You must decide all questions of fact in this case from the evidence received here in court in this trial and not from any other source. You must not make any independent investigation of the facts or the law, or consider or discuss facts as to which there has been no evidence. This means, for example, that you must not on your own visit the scene, conduct experiments or consult reference works or persons for additional information. You must not discuss this case with any other person except a fellow juror, and you must not discuss the case with a fellow juror until the case is submitted to you for your decision, and then only when all 12 jurors are present in the jury room.
Evidence consists of the testimony of witnesses, writings, material objects, or anything presented to the senses and offered to prove the existence or non-existence of a fact. Evidence is either direct or circumstantial. Direct evidence is evidence that directly proves a fact without the necessity of an inference. It is evidence which, by itself, if found to be true, establishes that fact. Circumstantial evidence, is evidence that if found to be true proves a fact from which an inference of the existence of another fact may be drawn. An inference is a deduction of fact that may logically and reasonably be drawn from another fact or group of facts established by the evidence. It is not necessary that facts be proved by direct evidence. They may be proof also by circumstantial evidence, or by a combination of direct evidence and circumstantial evidence. Both direct evidence and circumstantial evidence are acceptable as a means of proof. Neither is entitled to any greater weight than the other. However, a finding of guilt as to any crime, may not be based on circumstantial evidence unless the proof circumstances are not only one, consistent with the theory that the defendant is guilty of the crime, but two, cannot be reconciled with any other rational conclusion. Further, each fact which is essential to complete a set of circumstances necessary to establish the defendant's guilt, must be proved beyond a reasonable doubt. In other words, before an inference essential to establish guilt may be found to have been proved beyond a reasonable doubt, each fact or circumstance upon which such inference necessarily rests, must be proved beyond a reasonable doubt.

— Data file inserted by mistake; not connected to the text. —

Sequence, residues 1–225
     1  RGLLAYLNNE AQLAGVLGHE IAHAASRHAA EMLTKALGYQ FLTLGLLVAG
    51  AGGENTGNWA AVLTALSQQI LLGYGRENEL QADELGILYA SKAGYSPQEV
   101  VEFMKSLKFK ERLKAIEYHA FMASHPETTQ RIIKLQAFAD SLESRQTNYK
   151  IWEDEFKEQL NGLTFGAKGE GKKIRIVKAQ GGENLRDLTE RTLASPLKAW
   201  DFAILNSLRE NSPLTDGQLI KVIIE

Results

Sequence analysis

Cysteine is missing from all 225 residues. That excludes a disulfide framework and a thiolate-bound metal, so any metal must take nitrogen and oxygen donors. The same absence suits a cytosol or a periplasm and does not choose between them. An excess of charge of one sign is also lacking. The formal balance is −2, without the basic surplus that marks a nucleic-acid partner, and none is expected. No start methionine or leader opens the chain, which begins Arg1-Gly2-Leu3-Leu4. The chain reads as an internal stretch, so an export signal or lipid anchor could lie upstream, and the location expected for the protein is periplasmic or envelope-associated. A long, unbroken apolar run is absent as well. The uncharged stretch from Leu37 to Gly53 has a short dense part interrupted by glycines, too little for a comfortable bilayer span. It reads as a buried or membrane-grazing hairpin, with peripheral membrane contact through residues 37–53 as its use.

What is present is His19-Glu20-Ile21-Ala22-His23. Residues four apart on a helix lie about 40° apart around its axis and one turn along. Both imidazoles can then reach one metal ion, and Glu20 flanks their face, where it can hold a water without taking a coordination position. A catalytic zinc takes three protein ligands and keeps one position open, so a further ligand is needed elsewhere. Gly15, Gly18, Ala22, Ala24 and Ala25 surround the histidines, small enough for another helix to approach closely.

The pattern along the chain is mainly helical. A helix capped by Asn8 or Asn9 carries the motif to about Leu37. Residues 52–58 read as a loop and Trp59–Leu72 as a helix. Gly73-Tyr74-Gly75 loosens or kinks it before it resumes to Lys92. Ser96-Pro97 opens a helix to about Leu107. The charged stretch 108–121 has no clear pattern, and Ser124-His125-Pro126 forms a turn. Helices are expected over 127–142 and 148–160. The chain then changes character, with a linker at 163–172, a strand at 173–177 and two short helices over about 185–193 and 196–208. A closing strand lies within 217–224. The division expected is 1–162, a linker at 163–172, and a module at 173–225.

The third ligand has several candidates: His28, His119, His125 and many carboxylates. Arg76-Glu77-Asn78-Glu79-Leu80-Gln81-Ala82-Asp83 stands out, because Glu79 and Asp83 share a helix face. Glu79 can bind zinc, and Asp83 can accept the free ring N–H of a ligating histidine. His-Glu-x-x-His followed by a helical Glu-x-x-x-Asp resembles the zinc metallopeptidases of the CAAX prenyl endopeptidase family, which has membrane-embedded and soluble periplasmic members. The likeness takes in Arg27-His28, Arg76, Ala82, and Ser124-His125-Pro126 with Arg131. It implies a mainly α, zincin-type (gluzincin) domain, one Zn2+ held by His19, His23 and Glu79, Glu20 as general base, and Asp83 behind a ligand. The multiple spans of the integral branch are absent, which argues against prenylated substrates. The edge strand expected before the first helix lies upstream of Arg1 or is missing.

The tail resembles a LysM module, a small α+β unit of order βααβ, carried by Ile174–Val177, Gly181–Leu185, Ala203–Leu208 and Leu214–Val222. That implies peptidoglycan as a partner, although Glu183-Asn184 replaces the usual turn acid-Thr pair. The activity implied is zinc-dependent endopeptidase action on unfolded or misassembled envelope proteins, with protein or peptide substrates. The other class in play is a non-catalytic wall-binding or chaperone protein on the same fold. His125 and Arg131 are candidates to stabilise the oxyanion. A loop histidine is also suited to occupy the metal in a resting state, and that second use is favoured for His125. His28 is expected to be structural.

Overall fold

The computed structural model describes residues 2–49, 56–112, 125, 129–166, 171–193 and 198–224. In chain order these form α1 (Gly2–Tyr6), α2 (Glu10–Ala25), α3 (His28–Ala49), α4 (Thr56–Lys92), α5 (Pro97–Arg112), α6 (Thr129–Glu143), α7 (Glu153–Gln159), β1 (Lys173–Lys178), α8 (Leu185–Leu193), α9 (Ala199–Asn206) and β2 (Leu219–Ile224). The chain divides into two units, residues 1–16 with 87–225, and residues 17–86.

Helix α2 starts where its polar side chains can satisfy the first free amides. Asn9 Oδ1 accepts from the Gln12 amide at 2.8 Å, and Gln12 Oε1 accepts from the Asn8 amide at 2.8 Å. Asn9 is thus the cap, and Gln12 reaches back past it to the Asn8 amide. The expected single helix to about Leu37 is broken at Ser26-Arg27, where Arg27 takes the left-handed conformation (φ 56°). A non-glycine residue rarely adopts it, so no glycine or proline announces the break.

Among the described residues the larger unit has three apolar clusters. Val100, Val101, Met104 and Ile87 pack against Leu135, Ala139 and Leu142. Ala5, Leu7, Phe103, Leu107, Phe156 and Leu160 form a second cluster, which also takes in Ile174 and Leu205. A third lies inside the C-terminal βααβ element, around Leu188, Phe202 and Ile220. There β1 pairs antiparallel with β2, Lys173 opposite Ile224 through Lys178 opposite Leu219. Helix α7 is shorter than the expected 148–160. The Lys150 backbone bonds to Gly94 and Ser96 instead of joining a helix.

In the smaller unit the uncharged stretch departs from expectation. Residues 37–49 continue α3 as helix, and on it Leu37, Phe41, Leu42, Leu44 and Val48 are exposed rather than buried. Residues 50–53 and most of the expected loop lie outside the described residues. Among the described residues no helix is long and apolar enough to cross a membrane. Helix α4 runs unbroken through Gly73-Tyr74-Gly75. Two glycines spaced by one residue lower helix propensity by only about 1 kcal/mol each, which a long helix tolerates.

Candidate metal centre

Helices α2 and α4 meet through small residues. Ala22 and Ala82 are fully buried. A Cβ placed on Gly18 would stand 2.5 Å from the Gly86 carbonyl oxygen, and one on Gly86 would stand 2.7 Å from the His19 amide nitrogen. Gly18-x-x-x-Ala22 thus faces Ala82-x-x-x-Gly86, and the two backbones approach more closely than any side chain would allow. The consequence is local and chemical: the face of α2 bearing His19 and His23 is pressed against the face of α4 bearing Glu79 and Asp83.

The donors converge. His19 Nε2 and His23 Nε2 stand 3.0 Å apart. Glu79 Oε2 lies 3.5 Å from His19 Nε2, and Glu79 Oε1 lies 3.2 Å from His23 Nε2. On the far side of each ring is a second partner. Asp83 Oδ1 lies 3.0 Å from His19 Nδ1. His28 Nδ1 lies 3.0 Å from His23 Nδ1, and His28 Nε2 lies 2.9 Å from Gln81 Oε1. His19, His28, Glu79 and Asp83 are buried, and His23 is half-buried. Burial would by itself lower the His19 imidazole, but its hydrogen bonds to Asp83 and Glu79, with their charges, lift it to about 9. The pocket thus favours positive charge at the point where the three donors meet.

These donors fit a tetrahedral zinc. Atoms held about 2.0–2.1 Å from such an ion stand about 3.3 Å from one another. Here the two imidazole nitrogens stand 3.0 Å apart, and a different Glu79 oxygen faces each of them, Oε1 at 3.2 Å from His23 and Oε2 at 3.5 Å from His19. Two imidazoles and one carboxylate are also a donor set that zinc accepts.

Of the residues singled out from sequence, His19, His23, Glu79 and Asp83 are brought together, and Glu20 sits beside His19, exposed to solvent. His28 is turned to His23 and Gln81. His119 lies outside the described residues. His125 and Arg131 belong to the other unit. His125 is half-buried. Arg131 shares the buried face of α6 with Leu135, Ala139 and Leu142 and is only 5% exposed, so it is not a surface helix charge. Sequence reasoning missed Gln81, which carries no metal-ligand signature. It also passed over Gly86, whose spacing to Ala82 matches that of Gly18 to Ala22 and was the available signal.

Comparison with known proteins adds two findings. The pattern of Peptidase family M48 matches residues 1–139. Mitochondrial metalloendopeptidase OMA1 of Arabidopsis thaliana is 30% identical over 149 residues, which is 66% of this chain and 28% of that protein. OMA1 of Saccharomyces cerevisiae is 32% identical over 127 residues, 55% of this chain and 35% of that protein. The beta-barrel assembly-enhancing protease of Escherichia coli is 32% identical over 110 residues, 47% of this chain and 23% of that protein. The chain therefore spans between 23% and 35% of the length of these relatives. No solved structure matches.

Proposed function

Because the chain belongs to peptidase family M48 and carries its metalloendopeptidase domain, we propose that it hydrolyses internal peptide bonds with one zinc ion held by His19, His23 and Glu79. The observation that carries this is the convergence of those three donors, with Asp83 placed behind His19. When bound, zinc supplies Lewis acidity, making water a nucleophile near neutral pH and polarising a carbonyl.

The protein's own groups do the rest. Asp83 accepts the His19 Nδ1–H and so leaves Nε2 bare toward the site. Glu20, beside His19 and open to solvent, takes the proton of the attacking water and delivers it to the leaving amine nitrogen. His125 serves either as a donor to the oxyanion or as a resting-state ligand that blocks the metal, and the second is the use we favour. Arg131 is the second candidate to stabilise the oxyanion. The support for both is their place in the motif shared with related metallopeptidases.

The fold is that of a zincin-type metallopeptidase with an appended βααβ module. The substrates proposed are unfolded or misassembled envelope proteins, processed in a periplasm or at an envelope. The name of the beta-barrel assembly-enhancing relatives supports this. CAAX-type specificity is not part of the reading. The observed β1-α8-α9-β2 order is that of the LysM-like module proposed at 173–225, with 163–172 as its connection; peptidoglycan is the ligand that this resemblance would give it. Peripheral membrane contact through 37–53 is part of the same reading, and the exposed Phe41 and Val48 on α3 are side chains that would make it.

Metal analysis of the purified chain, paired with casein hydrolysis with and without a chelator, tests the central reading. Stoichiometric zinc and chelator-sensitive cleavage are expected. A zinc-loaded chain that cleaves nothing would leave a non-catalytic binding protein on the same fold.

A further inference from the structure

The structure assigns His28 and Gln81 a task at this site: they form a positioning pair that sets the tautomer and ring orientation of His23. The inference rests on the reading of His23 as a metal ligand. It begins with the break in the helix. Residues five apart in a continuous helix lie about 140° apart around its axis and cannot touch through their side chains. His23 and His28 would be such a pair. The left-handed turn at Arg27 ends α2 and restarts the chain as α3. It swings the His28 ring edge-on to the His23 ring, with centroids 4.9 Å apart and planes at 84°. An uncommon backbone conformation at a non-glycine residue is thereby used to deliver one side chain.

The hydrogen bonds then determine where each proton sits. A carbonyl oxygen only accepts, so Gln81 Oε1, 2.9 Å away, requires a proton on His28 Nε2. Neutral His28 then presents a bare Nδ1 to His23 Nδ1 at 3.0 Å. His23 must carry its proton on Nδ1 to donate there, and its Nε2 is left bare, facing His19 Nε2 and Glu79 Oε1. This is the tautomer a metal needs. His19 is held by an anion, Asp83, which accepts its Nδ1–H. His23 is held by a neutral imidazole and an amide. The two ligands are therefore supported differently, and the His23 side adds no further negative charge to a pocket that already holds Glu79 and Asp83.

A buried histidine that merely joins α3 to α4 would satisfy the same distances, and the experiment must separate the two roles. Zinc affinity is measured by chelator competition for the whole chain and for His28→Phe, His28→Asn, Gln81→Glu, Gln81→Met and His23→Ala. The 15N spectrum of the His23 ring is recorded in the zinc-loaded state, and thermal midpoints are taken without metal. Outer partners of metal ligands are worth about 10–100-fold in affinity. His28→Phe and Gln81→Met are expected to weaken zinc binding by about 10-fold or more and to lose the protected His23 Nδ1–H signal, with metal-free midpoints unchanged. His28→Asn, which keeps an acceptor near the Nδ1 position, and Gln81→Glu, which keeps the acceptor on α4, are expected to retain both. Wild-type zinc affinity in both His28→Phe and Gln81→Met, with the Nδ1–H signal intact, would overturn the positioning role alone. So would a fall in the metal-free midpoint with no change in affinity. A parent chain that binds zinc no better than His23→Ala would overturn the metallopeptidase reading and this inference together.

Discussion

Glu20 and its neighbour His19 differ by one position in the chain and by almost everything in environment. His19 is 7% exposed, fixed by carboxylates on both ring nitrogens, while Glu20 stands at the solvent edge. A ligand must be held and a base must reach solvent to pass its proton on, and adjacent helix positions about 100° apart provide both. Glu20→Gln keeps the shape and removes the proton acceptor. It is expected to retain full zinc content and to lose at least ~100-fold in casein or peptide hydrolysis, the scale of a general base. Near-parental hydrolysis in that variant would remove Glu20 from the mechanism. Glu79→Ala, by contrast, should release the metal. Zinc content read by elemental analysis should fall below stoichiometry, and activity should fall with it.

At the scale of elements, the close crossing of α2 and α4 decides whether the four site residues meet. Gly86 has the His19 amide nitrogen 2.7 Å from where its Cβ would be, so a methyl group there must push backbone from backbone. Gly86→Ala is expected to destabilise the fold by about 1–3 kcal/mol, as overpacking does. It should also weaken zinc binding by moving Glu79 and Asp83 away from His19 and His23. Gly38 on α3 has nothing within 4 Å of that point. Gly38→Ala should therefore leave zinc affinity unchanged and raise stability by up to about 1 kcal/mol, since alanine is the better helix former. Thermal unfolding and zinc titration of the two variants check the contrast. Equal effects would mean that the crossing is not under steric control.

Also, if the circumstantial evidence as to any particular count is susceptible of two reasonable interpretations, one of which points to the defendant's guilt, and the other to his innocence, you must adopt that interpretation which points to the defendant's innocence and reject that interpretation which points to his guilt. If, on the other hand, one interpretation of such evidence appears to you to be reasonable, and the other interpretation to be unreasonable, you must accept the reasonable interpretation and reject the unreasonable.